USD: Trump focus falls on Afghanistan
The main non-eclipse news from the US yesterday was a Presidential announcement of an increase in troop numbers for the wat in Afghanistan. If I was being cynical I would say that Trump is returning to the tried and tested policy of any embattled President/PM and diverting attention from domestic issues to troop movements abroad. He asked Americans to “trust” him and this decision although the decision is more General Mattis’ – the most trusted member of the Trump Administration.
This comes at a time wherein a poll last week showed that 75% of Americans do not trust the communications coming from the White House. Do investors listen to Trump anymore? Initially, on a subject, yes but then when the world realises that he has become bored or distracted by something else then his influence on markets diminishes. He is almost a lame duck on policy matters internally but while the spectre of North Korea remains he still has the ability to throw everything into the air.
Yesterday was a quiet day in the US courtesy of most of the population staring at the solar eclipse, while we were always taught to not wish time away, little is likely to happen until Thursday’s beginning of the Jackson Hole economic symposium.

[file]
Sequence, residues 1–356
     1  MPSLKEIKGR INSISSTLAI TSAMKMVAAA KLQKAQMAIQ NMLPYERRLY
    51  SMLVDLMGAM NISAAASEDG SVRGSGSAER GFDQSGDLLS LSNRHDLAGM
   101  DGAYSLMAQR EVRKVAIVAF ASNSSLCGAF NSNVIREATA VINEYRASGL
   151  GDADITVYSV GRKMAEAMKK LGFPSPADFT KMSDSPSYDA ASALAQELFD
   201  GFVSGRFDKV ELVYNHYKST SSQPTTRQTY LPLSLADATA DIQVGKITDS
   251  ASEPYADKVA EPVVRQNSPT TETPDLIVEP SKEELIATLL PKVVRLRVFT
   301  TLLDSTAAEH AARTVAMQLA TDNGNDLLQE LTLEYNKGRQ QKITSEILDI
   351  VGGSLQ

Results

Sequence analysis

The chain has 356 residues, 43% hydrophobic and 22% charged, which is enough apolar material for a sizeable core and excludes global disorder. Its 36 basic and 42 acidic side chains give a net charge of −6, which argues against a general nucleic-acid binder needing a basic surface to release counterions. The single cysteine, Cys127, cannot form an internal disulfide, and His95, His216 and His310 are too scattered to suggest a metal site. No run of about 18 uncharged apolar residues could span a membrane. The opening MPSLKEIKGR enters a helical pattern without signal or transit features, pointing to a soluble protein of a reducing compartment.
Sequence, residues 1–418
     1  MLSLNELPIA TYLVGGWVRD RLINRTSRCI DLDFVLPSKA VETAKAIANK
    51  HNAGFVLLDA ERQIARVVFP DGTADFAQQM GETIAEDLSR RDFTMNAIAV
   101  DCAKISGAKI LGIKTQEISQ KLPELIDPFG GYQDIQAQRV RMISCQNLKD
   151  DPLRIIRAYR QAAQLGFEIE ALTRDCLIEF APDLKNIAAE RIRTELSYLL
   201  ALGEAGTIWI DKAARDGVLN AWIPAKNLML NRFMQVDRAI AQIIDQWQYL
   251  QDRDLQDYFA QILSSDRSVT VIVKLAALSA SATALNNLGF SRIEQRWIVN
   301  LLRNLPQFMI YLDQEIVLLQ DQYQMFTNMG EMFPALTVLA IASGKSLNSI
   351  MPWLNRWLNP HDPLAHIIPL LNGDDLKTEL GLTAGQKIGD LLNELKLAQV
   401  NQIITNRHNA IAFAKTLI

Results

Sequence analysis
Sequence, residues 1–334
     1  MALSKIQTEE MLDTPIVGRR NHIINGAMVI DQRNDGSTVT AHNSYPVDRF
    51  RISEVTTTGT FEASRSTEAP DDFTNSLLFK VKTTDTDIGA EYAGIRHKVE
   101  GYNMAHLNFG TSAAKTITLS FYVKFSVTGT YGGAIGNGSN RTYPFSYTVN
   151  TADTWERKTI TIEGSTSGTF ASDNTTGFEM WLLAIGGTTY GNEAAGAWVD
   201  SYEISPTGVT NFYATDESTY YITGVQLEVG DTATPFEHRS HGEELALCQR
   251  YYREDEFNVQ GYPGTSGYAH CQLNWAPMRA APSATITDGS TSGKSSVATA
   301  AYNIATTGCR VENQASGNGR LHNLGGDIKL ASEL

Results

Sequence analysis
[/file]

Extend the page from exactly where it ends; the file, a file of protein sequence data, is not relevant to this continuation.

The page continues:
GBP: Fresh lows in GBPEUR
Another day, another run of Brexit position papers from the UK government that are little more than a request for the moon on a stick. More will be released today but as long as the EU is unable to fully believe that ‘significant progress’ has been made on matters such as the Irish border, the rights of each other’s citizens and the ‘divorce’ bill then nothing on trade will be floated. The deadline is October and while these papers may be setting out the UK’s position, progress on an agreement still looks to be a long way off.
The key thing for the euro this week is Mario Draghi’s speech in Jackson Hole. When he takes the stage he will be thinking of his speech in Sintra, Portugal that markets ran with the wrong end of the stick. We expect vagueness from the head of European Central Bank on Thursday and we wouldn’t rule out a run higher for EURUSD and EURGBP.
As we have said before, sterling versus the euro is now the Brexit cross. It used to be GBPUSD but the actions of the Trump administration and the ongoing situation with North Korea have made that pair a bit of a mess. The juxtaposition comes from a European economy with a secure political foundation – including the upcoming election in Germany – and an economic recovery that is becoming more embedded by the month with a British economy that is becoming stagnant and a central bank unable to create a belief on interest rate rises.
The Day Ahead
The data calendar is quiet this morning and will likely only pick up in importance on Thursday with UK GDP and the beginning of the Jackson Hole economic symposium meetings.
Have a great day
Jeremy Cook, Chief Economist